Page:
Sensor design and characterization

To establish a universally applicable sensing platform, we employed protein G-based photoconjugation for the synthesis of sensor components. This enables direct conjugation to most commercially available primary antibodies, obviating the use of labeled secondary antibodies which increases complexity and can decrease the efficiency of sandwich complex formation24. Both the 18-kDa large BiT (LB) and the 1.3-kDa small BiT (SB) fragment of split NanoLuc were genetically fused via a semi-rigid peptide linker to a protein G adapter domain (Gx), carrying the photocrosslinkable non-natural amino acid p-benzoylphenylalanine (Gx-LB and Gx-SB, respectively, see Fig. 1b and Supplementary Fig. 5). A variant of small BiT with Kd = 2.5 µM was chosen to ensure effective complementation in the sandwich complex (vide infra)23. Expression was performed in Escherichia coli with amber codon suppression, using co-transformation with a plasmid containing an engineered orthogonal aminoacyl tRNA synthetase/tRNA pair (available from AddGene, for a step-by-step protocol see Supplementary Information)28,29. Gx-LB and Gx-SB were obtained in yields similar to standard protein expression after affinity chromatography purification (respectively ~18 mg/L and ~5 mg/L, see Supplementary Fig. 6).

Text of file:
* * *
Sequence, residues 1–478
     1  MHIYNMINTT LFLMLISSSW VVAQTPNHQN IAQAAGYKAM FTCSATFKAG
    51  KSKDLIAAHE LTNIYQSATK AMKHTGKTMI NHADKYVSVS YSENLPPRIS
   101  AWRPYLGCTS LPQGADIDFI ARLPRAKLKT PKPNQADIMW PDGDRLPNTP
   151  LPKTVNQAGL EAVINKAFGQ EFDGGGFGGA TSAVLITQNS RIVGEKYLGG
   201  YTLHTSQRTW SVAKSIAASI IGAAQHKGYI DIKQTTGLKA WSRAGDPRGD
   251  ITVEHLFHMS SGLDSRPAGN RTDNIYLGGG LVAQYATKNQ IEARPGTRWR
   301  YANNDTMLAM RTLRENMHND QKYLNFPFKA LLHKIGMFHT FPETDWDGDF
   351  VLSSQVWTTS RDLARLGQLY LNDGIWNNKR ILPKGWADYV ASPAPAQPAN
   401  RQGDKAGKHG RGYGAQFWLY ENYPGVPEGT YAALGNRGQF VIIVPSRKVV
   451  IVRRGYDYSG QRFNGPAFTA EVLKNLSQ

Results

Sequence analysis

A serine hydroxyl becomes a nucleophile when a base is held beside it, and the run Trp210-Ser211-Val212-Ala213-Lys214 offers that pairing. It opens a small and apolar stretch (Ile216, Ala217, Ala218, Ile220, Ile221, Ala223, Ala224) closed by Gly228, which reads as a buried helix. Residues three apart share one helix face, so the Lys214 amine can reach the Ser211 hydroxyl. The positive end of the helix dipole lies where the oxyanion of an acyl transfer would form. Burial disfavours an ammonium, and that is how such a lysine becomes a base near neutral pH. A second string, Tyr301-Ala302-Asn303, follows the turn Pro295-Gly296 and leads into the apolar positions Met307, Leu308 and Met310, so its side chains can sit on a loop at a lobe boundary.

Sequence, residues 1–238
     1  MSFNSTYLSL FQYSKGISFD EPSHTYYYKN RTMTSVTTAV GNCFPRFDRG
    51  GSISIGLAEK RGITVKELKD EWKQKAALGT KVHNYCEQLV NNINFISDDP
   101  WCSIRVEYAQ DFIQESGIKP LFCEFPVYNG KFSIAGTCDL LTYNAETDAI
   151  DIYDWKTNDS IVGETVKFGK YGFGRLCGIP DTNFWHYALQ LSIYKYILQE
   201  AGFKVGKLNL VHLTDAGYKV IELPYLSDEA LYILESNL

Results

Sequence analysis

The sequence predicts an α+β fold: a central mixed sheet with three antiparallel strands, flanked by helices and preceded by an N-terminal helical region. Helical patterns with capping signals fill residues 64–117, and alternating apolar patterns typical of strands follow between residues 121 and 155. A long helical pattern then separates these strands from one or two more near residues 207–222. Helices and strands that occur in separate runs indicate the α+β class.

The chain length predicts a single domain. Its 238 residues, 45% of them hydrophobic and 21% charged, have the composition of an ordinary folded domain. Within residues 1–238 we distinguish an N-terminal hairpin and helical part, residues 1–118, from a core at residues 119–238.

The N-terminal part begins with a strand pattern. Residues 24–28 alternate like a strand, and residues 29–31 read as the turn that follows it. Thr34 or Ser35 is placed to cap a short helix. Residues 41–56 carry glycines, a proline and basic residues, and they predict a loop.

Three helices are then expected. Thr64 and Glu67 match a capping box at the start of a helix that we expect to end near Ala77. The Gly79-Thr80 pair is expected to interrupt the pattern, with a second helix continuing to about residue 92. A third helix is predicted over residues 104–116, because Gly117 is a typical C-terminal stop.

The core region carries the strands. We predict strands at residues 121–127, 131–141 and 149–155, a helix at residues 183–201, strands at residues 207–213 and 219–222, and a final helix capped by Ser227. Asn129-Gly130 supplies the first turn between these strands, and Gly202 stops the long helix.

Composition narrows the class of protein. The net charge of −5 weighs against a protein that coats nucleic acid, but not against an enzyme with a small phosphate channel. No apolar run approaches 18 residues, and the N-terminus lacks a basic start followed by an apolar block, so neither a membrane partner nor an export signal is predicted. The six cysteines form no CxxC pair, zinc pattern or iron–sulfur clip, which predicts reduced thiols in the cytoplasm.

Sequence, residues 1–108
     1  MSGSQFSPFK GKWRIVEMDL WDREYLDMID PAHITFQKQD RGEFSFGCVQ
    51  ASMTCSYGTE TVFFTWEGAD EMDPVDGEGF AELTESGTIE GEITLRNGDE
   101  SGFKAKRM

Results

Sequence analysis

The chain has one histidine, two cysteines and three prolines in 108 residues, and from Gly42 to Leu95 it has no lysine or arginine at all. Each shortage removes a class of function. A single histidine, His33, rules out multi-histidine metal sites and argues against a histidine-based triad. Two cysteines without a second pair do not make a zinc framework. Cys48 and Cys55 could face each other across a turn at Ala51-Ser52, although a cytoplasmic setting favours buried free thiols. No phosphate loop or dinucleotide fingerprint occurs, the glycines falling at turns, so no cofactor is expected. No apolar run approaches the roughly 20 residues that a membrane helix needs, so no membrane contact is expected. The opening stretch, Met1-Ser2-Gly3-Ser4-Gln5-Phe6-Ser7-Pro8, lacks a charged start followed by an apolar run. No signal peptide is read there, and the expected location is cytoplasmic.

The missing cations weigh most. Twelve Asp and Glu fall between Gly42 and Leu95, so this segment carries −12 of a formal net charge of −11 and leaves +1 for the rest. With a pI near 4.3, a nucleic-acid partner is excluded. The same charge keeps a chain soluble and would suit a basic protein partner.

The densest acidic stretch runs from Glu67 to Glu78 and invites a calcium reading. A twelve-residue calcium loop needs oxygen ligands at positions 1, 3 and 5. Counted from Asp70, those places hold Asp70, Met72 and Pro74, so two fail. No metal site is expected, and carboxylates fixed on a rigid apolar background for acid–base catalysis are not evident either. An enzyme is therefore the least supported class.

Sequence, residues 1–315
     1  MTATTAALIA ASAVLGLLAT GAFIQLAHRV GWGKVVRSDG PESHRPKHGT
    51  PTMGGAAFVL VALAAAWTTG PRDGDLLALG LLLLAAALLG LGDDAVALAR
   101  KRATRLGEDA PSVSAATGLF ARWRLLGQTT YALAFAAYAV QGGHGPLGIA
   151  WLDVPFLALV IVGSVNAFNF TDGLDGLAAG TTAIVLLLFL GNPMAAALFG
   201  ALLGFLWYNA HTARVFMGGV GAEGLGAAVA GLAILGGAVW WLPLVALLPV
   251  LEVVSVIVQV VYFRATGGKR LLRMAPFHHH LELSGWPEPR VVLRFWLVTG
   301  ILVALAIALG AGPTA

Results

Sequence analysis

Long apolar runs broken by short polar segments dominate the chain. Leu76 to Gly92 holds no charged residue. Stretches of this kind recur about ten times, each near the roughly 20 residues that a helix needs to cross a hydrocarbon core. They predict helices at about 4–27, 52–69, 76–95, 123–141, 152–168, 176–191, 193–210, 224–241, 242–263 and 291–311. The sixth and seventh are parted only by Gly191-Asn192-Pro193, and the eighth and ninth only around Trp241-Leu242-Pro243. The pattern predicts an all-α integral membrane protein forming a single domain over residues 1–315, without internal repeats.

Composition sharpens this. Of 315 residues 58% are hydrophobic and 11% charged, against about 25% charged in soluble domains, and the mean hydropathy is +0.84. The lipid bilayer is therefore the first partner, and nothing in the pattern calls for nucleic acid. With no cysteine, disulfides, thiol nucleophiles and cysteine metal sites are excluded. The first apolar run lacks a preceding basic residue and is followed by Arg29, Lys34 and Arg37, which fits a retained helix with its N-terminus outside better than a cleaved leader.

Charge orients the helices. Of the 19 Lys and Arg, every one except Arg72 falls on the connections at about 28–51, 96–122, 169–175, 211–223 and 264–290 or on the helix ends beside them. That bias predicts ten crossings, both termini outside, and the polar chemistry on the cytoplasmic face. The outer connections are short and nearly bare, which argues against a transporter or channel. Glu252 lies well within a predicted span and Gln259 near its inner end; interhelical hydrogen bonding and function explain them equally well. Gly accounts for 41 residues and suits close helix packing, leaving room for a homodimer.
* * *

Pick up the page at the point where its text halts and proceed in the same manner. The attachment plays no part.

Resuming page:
Next, antibody conjugation was performed by illuminating reaction mixtures with long-wavelength UV light (λ = 365 nm) in phosphate-buffered saline (pH 7.4) for 1 h on ice, covalently crosslinking Gx-LB and Gx-SB to the Fc-domain of the antibody. SDS-PAGE analysis revealed a mixture of mono-conjugated, bi-conjugated, and non-conjugated antibodies (Fig. 1b). Although the conjugation efficiency can be further improved by increasing the relative concentration of Gx-LB and Gx-SB, we typically chose to use an equal molar ratio of protein to antibody to minimize the presence of non-conjugated Gx-LB and Gx-SB, which could contribute to non-specific background complementation. If necessary, non-conjugated antibodies can be removed by small-scale Ni2+-affinity chromatography, targeting the N-terminal polyhistidine tag of Gx-LB and Gx-SB (Fig. 1b). Since protein G binds to the majority of IgG-type antibodies, including all human and many other mammalian isotypes, this approach offers a general method for the rapid synthesis of antibody-luciferase conjugates from commercially available antibodies.